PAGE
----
Legal and regulatory framework

Legal role

What legal role does corporate risk and compliance management play in your jurisdiction?

In Italy, corporate risk and compliance management play an increasingly key role. Italy was one of the first countries to enact laws on legal entities’ criminal responsibility for offences committed by their directors, representatives, executives, managers, agents and employees. Legislative Decree 231/2001 has placed such responsibilities on legal entities for more than 15 years, and embraces a large variety of crimes that go far beyond anti-bribery and corruption. At the same time, enforcement of privacy rules has become increasingly effective. Naturally, sensitive legal sectors, such as banks, insurance companies and listed companies, are very specifically regulated and deeply scrutinised (according to the Banking Act 385/1993, the Insurance Act 209/2005 and the Financial Act 58/1998).

Laws and regulations

Which laws and regulations specifically address corporate risk and compliance management?

Article 2381 of the Italian Civil Code vests with the chief executive officer (under the continuing supervision of the board of directors) the task of ensuring the adequacy of the organisational, administrative and accounting set-up of the corporation. The above provision, which is interpreted as a general principle and is therefore applied to limited liability companies too, is intended to establish the duty of the directors to organise the business in a way that reduces the risk of non-compliance.

As far as listed companies are concerned, the Italian legal and regulatory framework provides for certain additional corporate bodies and procedures aimed at addressing corporate risk and compliance management. In particular:

  • pursuant to article 154-bis of the Financial Act 58/1998, listed companies shall appoint a manager in charge of preparing the company’s financial reports and ensuring that appropriate administrative and accounting procedures are put in place in connection therewith;
  • pursuant to article 123-bis of the Financial Act 58/1998, the board of directors of listed companies shall publish, on a yearly basis, a report on corporate governance providing information on, inter alia, the risk management and internal audit systems adopted by the company in relation to the financial reporting process; and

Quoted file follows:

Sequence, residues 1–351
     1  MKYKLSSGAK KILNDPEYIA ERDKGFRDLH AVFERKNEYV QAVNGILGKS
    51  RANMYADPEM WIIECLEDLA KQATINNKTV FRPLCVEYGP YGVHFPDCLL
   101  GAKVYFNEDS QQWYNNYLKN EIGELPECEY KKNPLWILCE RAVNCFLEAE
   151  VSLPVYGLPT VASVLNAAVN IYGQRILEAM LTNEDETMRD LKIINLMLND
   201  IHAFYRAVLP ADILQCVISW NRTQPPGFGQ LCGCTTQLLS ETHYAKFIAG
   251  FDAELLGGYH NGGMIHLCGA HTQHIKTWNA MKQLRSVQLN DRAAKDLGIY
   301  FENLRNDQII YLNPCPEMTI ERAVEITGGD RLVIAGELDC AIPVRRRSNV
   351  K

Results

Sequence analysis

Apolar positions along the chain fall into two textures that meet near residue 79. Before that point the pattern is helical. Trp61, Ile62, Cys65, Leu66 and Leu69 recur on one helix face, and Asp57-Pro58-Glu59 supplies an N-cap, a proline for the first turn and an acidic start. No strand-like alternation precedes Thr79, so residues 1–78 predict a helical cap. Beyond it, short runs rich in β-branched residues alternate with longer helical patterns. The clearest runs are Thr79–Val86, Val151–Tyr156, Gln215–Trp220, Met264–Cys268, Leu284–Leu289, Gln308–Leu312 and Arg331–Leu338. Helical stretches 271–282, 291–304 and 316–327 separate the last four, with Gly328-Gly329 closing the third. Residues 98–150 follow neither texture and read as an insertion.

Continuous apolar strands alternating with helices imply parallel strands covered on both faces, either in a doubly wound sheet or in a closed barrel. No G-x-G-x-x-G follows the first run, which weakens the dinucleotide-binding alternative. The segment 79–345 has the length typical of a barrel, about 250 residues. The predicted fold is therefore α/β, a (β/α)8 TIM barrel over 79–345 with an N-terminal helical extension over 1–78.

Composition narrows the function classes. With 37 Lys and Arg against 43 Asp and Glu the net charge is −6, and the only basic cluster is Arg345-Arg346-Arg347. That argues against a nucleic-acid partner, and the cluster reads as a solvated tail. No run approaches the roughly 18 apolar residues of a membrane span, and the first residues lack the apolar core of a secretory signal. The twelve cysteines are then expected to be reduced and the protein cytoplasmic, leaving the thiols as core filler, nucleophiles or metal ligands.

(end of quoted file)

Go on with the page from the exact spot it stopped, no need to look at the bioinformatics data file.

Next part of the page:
• article 7 of the Code of Conduct for Listed Companies - which sets forth best practice standards for listed companies’ corporate governance on a ‘comply or explain’ approach - recommends adoption of an internal control and risk management system that shall consist of policies, procedures and organisational structures aimed at identifying, measuring, managing and monitoring the main risks concerning listed companies.

Moreover, pursuant to the above-mentioned provisions, it is recommended that listed companies set up a control and risk committee. The committee shall be charged, among other things, with supporting the evaluations and decisions made by the board of directors in relation to the company’s internal control and risk management system. For further information concerning the laws and regulations on corporate risk and compliance management of listed companies, see questions 6 and 7 below.

With respect to banks, the Bank of Italy’s Regulation 285/2013 establishes a comprehensive regulatory framework in connection with banks’ risk and compliance management. The general aim of the relevant provisions is setting up an integrated and effective internal control system in order to:

  • regularly monitor business operations and ongoing compliance with the applicable laws and regulations, and check the adequacy of the banks’ organisation and accounting arrangements;
  • adequately monitor all business risks; and
  • ensure information flows that allow management to make informed decisions.

Also, with regard to insurance companies and in line with the new Solvency II regulatory framework, Legislative Decree 209/2005 and Institute for the Supervision of Private Insurance and Collective Interest (ISVAP) Regulation 20/2008 provide for the implementation of an appropriate internal controls system, ensuring:

  • the efficiency and effectiveness of corporate processes;
  • adequate control of present and perspective risks;
  • the reliability and integrity of accounting and management information;
  • protection of assets from a medium and long-term perspective; and
  • compliance of the insurance companies’ activities with current legislation.

Large undertakings are also subject to Legislative Decree 39/2010 (on the auditing of their accounts), which, effective from 1 January 2017, now provides, for those exceeding certain dimension thresholds, the obligation to publish a non-financial statement containing information on the undertaking’s activity impact on environmental, social and employee matters, respect for human rights, anti-corruption and bribery matters.

Compliance violations may trigger a broad range of consequences. First of all, pursuant to article 2049 of the Italian Civil Code and article 185 of the Italian Criminal Code, legal entities are responsible for civil damages resulting from violations committed by their representatives and employees in the exercise of their functions or roles.